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first year, the Review also highlighted the apparent inability of policy-makers to exercise ‘policy memory’ and learn from the past.

Its second year of research included a focus on the underlying aims and values of education and training for 14 -19 year olds, a review of the Tomlinson Final Report and the 14 -19 White Paper, the institutional and organisational dimensions of 14 -19 reform, policy learning from historical and international comparison and a focus on 17+ participation and younger learners in the workplace. The Review suggested that government policy documents on 14 -19 education and training have largely failed to articulate underlying aims and argued that there needs to be a constant appraisal of the values which are embedded in educational language and practice and which shape learning experience. The Review also noted that despite nearly two decades of continuous reform, the behaviour of the education and training system, in terms of participation, progression and attainment rates, is still failing to meet the expectation of policymakers. It went on to argue that all learners, regardless of attainment in compulsory schooling, should be able to continue with general education beyond the age of 16 to provide them with the basis for lifelong learning and adult life. Moreover, raising participation rates requires more than the reform of qualifications: sustained attention needs to be given to increasing the incentives for young people to stay in education and reducing the incentives for them to enter the labour market early. A third area of findings concerned the organisation of 14-19 education and training. The review characterised current institutional arrangements as ‘strongly competitive and weakly collaborative’. It proposed the development of strongly collaborative 14-19 local learning systems to support the participation, learning and progression of all young people within any given local area.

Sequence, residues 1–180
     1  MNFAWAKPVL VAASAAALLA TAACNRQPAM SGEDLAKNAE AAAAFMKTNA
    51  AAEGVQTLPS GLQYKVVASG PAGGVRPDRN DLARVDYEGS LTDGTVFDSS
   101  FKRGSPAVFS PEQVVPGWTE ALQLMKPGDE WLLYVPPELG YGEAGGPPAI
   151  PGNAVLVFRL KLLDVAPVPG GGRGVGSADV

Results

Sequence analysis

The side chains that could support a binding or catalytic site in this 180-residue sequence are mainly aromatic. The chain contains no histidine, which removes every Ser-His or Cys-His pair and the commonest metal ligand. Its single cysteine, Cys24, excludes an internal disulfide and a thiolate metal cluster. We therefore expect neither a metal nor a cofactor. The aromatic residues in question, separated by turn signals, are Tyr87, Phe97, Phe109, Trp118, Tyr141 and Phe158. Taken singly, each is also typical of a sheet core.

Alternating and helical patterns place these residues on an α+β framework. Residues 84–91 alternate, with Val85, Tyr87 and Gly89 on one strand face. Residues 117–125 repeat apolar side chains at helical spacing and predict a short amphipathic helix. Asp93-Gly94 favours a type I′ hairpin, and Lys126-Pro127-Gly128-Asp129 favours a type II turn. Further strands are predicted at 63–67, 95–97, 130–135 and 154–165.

The Annual Reports, papers produced by the Review, and summaries of the discussions which followed them, are published on the Review’s website (www.nuffield14-19review.org.uk). The Nuffield Review is supported by a research directorate from Oxford University Department of Education Studies, the Institute of Education, University of London, SKOPE at Warwick University and UCAS.


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